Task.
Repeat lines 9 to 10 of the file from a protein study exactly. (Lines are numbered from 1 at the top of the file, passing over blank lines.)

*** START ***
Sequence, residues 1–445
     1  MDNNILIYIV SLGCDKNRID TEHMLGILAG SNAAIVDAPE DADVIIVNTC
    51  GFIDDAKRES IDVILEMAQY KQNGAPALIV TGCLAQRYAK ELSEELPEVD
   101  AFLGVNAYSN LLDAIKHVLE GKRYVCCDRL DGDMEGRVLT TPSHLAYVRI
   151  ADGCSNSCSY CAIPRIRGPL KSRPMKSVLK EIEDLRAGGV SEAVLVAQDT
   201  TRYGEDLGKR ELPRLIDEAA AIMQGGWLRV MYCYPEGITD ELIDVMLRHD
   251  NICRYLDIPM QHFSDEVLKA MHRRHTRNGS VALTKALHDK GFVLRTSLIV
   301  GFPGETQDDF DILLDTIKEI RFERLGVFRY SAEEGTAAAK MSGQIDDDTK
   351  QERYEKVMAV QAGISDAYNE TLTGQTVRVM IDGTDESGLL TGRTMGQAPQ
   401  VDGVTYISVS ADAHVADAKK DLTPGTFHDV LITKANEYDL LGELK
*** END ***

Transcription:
   351  QERYEKVMAV QAGISDAYNE TLTGQTVRVM IDGTDESGLL TGRTMGQAPQ
   401  VDGVTYISVS ADAHVADAKK DLTPGTFHDV LITKANEYDL LGELK